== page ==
Australian Institute of Criminology

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Using crime prevention to reduce deliberate bushfires in Australia

Research and public policy series no. 98

Damon A Muller
ISBN 978 1 921532 11 5 ISSN 1326-6004
Canberra: Australian Institute of Criminology; February 2009

Abstract

Based on previous research undertaken by the Australian Institute of Criminology it seems that approximately half of all vegetations fires - some 20,000 to 30,000 each year - are deliberately lit, and that arson in all forms costs the Australian community $1.6 billion annually. Although it can be very difficult to identify whether a fire is deliberately lit and even more challenging to identify who is responsible, there are still a range of strategies and interventions that may reduce the likelihood of bushfire arson occurring.

This report seeks to assist and inform fire-prevention policies and practices by examining what we know about the risk factors for arson and who commits it. Available evidence suggests that the risk of deliberate fires is higher during certain times of the year and week and that there are 'hot spots', most notably on the edge of urban areas. On known offenders there is limited research and it primarily relies on small samples of convicted arsonists. As a result situational and community crime prevention that addresses the local environment is most likely to have an impact, whilst offender based approaches have to focus on the treatment of known offenders, both adults and juveniles.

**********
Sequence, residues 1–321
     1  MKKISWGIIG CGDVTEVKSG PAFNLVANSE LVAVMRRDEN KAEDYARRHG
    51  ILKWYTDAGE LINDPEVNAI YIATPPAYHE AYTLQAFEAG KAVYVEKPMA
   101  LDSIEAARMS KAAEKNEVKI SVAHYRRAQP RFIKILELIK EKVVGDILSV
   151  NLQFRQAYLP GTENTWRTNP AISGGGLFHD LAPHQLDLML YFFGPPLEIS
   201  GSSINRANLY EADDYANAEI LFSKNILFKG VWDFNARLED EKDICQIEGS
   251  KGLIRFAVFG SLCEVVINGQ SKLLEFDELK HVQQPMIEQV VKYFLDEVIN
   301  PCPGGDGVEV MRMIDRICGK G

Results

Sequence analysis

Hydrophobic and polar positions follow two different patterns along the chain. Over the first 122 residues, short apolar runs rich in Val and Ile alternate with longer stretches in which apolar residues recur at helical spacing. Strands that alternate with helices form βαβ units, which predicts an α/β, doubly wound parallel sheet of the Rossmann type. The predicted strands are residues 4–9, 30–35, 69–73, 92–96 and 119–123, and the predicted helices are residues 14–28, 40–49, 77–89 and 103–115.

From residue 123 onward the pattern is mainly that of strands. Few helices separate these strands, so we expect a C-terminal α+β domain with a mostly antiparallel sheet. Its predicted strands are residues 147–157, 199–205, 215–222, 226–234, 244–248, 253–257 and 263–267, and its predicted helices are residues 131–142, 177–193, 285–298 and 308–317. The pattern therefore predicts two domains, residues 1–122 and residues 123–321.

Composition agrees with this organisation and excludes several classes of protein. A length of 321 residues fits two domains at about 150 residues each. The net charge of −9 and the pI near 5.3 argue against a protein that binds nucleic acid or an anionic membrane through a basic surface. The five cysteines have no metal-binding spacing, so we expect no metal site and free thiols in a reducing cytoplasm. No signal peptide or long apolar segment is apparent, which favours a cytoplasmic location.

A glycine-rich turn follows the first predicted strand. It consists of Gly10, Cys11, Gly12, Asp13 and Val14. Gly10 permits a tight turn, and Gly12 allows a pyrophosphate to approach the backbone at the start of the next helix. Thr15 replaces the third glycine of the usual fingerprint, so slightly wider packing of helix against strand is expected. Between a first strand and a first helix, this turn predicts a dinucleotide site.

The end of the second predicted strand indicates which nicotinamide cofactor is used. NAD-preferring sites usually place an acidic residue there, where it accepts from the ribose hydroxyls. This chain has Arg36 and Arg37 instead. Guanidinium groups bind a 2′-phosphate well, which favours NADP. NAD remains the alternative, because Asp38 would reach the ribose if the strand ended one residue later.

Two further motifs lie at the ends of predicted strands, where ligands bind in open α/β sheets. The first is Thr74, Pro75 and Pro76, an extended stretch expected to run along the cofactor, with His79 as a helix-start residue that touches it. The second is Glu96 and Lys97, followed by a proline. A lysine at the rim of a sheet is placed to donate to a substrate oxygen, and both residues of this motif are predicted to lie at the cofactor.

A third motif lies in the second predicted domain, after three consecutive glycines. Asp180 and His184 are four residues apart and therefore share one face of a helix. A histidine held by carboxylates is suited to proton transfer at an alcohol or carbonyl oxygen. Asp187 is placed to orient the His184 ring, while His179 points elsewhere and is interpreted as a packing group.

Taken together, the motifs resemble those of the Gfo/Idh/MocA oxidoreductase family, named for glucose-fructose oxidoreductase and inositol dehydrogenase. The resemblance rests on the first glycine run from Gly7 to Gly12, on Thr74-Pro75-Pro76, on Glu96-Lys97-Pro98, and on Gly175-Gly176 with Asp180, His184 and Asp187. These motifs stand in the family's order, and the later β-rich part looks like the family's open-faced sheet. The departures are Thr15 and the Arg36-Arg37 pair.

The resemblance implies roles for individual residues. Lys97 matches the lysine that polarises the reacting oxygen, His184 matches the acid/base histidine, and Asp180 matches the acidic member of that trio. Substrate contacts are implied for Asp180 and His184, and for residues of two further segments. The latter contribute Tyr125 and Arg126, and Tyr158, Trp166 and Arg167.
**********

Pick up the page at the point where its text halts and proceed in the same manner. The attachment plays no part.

To assist the further development of preventative initiatives the report discusses the main crime prevention principles and approaches by linking them to examples of programs that target the environment, the community and known offenders. A wide range of measures are provided as examples, including those related to controlling access, fuel reduction, removing abandoned cars, and various community awareness campaigns that have targeted specific groups and/or communities. However, the report concludes that more investment is required in impact evaluation to ensure that the efficacy of discrete programs is better understood, and that, to be more collaborative and strategic, crime prevention approaches in the future will need to involve fire and other agencies, and local communities.

This report was funded by the Australian Research Council's Bushfire Cooperative Research Centre (Bushfire CRC) as part of Program C3.